Her silhouettes summon clichéd characters of the Old South recognizable to anyone acquainted with “Gone with the Wind,” “Song of the South” or the “Uncle Remus” stories, in which sunny, subservient blacks serve their grateful white patrons. But her Southern belles, plantation grandees, nannies, old folks, pig-tailed girls and barefoot boys perform lewd or violent acts with one another in her tableaux, which render the legacy of slavery as an abiding hell. They call to mind the surreal scenes of 16th-century painter Hieronymus Bosch — if he had a sense of humor as well as horror.

Walker’s installations also draw from canonical works that address racial injustice, including Harriet Beecher Stowe’s 1852 novel, “Uncle Tom’s Cabin” and Mark Twain’s humorous but scathing 1884 masterpiece, “The Adventures of Huckleberry Finn.”

The power of her visual storytelling quickly gained the attention of critics, curators and fellow artists, particularly in New York. In 1997, at age 28, Walker became one of the youngest recipients of a MacArthur Foundation “Genius Grant” fellowship.

Her wall-sized installations are on view at three local museums. The ICA is showing a mural inspired by Twain’s novel. At the Museum of Fine Arts, “The Rich Soil Down There” (2002), displays silhouettes of stereotypical figures from the Old South. And at the Davis Museum at Wellesley College, a slide projection evokes the 1831 slave rebellion led by Nat Turner.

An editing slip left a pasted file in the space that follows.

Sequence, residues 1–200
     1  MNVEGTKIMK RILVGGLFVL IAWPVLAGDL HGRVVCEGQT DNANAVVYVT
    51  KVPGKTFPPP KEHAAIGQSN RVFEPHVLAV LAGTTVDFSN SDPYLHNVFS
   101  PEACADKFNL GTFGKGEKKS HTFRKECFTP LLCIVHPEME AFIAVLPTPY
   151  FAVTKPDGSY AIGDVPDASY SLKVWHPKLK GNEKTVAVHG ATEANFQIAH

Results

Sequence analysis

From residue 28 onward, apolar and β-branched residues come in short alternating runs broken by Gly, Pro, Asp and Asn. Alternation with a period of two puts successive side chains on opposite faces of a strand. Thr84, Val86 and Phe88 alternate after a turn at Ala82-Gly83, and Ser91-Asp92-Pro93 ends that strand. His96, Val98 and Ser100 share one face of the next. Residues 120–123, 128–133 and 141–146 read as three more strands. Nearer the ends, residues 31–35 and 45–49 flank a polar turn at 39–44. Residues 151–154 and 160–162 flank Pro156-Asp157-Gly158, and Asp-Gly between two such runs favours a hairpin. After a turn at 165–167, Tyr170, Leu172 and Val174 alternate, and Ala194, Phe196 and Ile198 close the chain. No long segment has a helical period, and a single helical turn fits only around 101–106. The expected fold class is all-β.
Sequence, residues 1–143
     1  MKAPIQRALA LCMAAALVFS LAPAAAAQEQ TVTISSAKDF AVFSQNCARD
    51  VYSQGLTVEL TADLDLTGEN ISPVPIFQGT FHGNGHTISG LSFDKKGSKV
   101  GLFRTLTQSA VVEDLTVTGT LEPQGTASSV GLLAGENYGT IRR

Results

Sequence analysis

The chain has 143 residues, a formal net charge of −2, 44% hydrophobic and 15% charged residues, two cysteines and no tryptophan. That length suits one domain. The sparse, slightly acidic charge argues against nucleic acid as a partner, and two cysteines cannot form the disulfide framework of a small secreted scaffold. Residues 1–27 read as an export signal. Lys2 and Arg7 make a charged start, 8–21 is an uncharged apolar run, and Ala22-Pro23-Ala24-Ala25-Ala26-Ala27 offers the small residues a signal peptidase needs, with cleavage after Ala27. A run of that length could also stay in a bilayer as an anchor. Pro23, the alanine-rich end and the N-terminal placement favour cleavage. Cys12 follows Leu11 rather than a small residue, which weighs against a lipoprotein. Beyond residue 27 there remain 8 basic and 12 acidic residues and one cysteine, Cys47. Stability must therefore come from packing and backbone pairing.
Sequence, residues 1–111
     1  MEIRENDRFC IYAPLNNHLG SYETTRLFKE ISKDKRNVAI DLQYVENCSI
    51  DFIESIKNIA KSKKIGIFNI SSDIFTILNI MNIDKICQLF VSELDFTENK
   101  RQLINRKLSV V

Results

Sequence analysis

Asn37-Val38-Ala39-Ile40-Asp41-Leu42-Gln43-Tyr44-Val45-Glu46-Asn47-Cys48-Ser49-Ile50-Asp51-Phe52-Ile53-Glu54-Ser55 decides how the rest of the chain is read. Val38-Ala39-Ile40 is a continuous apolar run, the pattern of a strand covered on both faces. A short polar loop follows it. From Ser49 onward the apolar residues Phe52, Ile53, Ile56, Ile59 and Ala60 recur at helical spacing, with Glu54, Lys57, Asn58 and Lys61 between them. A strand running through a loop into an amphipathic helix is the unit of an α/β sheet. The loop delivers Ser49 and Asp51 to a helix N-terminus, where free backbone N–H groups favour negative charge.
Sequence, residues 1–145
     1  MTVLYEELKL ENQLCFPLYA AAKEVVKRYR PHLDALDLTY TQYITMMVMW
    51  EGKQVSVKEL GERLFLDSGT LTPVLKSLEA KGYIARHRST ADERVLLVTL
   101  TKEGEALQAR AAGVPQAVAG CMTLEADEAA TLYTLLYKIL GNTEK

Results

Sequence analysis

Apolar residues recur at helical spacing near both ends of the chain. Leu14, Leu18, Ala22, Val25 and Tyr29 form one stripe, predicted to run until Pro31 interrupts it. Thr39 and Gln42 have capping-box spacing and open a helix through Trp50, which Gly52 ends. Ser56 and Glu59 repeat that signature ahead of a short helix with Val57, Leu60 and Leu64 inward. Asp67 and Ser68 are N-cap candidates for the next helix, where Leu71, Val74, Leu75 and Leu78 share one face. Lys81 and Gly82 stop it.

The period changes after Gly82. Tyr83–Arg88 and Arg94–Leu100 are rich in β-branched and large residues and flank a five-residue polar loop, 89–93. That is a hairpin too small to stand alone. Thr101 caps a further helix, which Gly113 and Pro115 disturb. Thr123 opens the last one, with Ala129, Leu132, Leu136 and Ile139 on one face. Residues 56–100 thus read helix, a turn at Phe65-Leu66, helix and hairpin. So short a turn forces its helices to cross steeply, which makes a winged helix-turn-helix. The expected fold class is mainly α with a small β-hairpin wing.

Walker completed her talk by speaking of her 2014 commission for Creative Time, a New York-based public art organization that funded her largest and most famous work to date: a 35-foot-high, 75-foot-long and 26-foot wide mammy cast in the empowering pose of a grand sphinx.

Entirely composed of sugar, Walker’s sphinx presided for eight weeks in the cavernous setting of the former Domino Sugar Factory in Brooklyn before it decomposed, on schedule. Like the factory, slated for demolition, the sculpture was a temporary presence.

Walker recalled her research as she planned a site-specific project for the factory, which during Civil War was the largest sugar refining operation in the world. She cited an influential book about the sugar industry, “Sweetness and Power: The Place of Sugar in Modern History,” by anthropologist Sidney W. Mintz, and its chronicle of worker exploitation. “But I didn’t want my project to be finger-wagging,” said Walker. “I wanted to create an icon. What people gravitate toward are big objects in ruins.”

Once she settled on the idea of creating a sphinx, said Walker, what sealed her plan was the sight of a bus going by with the word “sphinx” written on its side.

Her sculpture merged two stereotypes of the African American female: with her kerchief-wrapped hair, she was a mammy; and with her enormous breasts and buttocks, she also was a highly erotic figure.

More than 130,000 people came to see her sculpture, which she entitled “… the Marvelous Sugar Baby an Homage to the unpaid and overworked Artisans who have refined our Sweet tastes from the cane fields to the Kitchens of the New World…”

“That was a season to live down,” said Walker, who could imagine tackling a project of this magnitude again, but not every year. “It would have to be special,” said Walker. “It would have to be needed.”